In 2014, on the other hand, electoral politics were simplified and altered fundamentally by the events of the Euromaidan. Two elections were held in this year: the May 25 presidential elections and the October 26 parliamentary elections. Both were affected by protests and the continuing conflict. Crimea did not participate and only about 20% of voters in Donetsk and Luhansk could take part because of restrictions imposed by separatist leaders. The former president, Yanukovych, had been expelled from the ranks of Regions, which was represented by the ineffectual Mykhailo Dobkin, and Symonenko once again headed the Communists. Petro Poroshenko, a compromise candidate for the pro-Euromaidan factions, won convincingly with 54% of votes in the first round. His nearest challenger was Yulia Tymoshenko, recently released from prison, with 12%. Dobkin received just over 3%; Symonenko 1.5%. Their votes, on the other hand, were well above those of far right candidates Oleh Tyahnybok (Svoboda) and Dmytro Yarosh (Right Sector) at 1.16% and 0.7%, respectively (Centralna Vyborcha Komisija, 2014).

The same pattern continued in the parliamentary elections, except that the Petro Poroshenko Bloc and the People’s Front, the parties led by the President and Prime Minister (Arsenii Yatsenyuk), dominated the vote almost equally. Together with the third-placed party – the Self-Reliance group, led by former Lviv mayor Andrii Sadovyi – they controlled 244 seats out of 450 in the assembly. The Opposition Bloc, led by Yurii Boyko, won 29 seats with a popular vote of less than 1.5 million (, 2014). Boyko is a native of Horlivka, one of the Donetsk regional mining towns at the very centre of the conflict in the East. The elections marked the formation of a new pro-Western coalition in Ukraine, indicating that the Donbas has ceased to play a pivotal role in Ukraine, for the first time in the history of the independent state. Moreover, of all the regions of Ukraine, it has suffered the most, economically and socially, as a result of the war and conflicts on its territory. A mass exodus of population occurred in the second half of 2014, with over 1 million people choosing or forced to migrate to other regions, mostly to the Russian Federation, though there has been a population decline since 2004 (Ridna Kraina, 2014; Sakwa, 2015).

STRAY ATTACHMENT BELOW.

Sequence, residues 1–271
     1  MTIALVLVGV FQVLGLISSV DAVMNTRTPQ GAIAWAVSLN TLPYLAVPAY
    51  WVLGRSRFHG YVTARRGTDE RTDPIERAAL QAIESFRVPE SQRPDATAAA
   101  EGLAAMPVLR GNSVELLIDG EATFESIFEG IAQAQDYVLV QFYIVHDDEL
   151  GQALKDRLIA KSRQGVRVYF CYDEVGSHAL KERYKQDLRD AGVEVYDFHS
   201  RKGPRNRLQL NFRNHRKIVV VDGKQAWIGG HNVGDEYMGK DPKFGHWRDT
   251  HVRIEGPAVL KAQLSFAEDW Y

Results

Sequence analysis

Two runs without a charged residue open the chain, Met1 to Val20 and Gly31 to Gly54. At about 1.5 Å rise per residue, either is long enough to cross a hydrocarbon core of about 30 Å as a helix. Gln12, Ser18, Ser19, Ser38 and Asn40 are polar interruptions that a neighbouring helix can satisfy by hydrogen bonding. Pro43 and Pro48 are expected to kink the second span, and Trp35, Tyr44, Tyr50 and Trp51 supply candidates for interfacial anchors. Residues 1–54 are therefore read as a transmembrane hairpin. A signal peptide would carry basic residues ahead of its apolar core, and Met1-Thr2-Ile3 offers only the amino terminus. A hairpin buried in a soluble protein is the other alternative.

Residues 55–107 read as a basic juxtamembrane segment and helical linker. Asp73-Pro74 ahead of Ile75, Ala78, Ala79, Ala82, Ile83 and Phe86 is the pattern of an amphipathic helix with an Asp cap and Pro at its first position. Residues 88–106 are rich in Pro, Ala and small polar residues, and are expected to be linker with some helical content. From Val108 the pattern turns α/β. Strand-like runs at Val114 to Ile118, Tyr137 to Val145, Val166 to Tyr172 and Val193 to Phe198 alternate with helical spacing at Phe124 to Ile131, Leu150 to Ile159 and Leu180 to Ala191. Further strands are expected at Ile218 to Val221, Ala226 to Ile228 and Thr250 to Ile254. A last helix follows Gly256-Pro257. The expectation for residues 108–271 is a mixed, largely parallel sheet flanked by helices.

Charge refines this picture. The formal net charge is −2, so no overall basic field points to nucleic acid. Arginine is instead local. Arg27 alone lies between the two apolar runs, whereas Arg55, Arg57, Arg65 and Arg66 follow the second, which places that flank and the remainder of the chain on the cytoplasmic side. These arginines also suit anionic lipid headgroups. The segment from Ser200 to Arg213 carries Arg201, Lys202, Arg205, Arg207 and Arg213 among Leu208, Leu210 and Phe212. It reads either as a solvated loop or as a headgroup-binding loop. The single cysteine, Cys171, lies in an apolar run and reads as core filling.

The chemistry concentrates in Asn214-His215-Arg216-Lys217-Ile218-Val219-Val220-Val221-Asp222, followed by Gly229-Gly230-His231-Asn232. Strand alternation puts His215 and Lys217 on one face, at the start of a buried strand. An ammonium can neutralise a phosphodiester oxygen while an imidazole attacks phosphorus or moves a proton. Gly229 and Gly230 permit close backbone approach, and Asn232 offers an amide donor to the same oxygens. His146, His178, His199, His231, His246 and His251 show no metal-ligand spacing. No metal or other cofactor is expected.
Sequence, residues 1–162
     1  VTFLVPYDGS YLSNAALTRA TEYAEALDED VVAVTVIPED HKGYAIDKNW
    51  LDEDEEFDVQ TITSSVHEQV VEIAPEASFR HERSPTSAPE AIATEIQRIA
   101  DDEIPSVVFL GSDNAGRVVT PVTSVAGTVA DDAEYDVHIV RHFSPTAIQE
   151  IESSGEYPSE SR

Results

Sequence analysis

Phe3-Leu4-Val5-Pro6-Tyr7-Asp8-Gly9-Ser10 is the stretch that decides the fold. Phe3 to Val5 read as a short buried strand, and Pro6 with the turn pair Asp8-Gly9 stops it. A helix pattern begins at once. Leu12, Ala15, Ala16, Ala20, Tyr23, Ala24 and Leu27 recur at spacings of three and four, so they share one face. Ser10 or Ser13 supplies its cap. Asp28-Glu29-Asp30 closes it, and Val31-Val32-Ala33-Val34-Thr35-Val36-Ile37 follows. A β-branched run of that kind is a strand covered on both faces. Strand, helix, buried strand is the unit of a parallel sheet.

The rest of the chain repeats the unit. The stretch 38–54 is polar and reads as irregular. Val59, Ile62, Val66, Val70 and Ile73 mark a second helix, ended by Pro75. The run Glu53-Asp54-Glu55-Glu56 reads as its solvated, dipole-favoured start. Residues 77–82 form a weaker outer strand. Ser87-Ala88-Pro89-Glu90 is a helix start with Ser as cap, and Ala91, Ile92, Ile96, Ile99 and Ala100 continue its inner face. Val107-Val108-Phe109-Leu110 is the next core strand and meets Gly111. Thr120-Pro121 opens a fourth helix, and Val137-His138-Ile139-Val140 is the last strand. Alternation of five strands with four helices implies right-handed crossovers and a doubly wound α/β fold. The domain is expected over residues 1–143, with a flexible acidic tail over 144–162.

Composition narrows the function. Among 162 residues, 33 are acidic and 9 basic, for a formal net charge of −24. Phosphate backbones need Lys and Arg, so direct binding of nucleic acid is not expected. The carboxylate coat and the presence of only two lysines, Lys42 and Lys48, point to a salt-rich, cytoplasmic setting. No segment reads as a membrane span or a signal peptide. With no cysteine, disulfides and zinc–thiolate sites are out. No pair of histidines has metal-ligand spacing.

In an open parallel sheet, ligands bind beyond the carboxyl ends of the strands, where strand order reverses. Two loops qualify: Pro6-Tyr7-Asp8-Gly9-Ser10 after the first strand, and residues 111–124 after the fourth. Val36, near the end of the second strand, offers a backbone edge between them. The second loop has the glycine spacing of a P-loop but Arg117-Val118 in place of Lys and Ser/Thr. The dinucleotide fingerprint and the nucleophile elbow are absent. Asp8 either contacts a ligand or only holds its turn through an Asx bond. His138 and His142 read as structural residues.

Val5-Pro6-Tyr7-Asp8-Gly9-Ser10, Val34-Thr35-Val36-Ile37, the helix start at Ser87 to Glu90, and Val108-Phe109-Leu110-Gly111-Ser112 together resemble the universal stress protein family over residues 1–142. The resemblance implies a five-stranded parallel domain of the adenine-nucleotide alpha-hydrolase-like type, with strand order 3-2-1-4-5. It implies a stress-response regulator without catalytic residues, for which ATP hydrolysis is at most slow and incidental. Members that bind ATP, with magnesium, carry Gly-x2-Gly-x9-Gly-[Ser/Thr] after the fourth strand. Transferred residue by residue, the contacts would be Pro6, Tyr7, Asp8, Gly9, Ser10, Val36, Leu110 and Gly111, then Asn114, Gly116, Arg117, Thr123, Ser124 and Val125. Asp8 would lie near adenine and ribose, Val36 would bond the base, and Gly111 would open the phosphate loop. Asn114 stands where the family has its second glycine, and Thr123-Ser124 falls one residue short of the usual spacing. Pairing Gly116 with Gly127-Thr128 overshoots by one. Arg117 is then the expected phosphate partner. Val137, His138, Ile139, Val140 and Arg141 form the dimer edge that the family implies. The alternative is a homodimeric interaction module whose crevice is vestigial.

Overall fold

There are a number of different ways to interpret the recent voting habits in Ukraine. On the one hand – the view adopted by many Western analysts – they appear to give Ukraine a green light to sever all ties with the Soviet period and start a new pro-Western and pro-democratic path that will take it, irrevocably, out of the Russian orbit (RRI, 2014). The main parties in the parliament may disagree on the attitude to be adopted towards the larger neighbour: whether one of compromise, as suggested by Poroshenko, or of confrontation, the attitude manifested during the elections last October by Yatsenyuk. There is little disagreement, however, on overall policy, which to some extent has been catalysed by the hostile attitude of Moscow, though Russian president Vladimir Putin did recognise the legitimacy of the presidential elections and the ascendancy of Poroshenko.

A second way to view events, and one adopted by a minority of Western analysts as well as Russia and its spokespersons, is that Ukraine experienced a right-wing coup from February 2014 that removed a legally elected president and established a new regime – scornfully described as a ‘junta’ – and that Western agencies funded these events as a means to remove Ukraine from all Russian influence.[3] Further, there have been allegations that the ‘coup’ resulted in a general assault on Russian-language speakers in Ukraine, necessitating the Russian annexation of Crimea, which in any case simply righted a historical wrong perpetrated by the Soviet leadership in 1954. Russia has not recognised the new regimes in the east of Ukraine (DNR and LNR), but it has supported them with weapons and personnel, and essentially prevented their destruction, despite a variety of rifts within the respective leaderships and a manifest lack of policies and infrastructure. In this way, Russia is responding to Western aggression.

A third interpretation may be closer to the truth than either of the first two. It is that, in 1991, the issue of state formation had hardly been broached, and that Ukraine made progress in fits and starts, but without a clear conception of the nation, its past, and where it lay in the geopolitical space between Russia and the West. That space became more contested after the eastward expansion of the EU in 2004, which brought former Communist states and former Soviet republics into that entity for the first time. Ukraine at that time became the new frontier. The Russian side had attempted to create several integrationist formations and the Russian president took an active interest in Ukrainian elections. The differences became particularly acute under Yushchenko because of his overtly pro-Western stance, and also because of his efforts to build a new nation on the exploits of anti-Soviet heroes such as OUN leader Stepan Bandera and UPA leader Roman Shukhevych, whom he made ‘heroes of Ukraine’ (Snyder, 2010).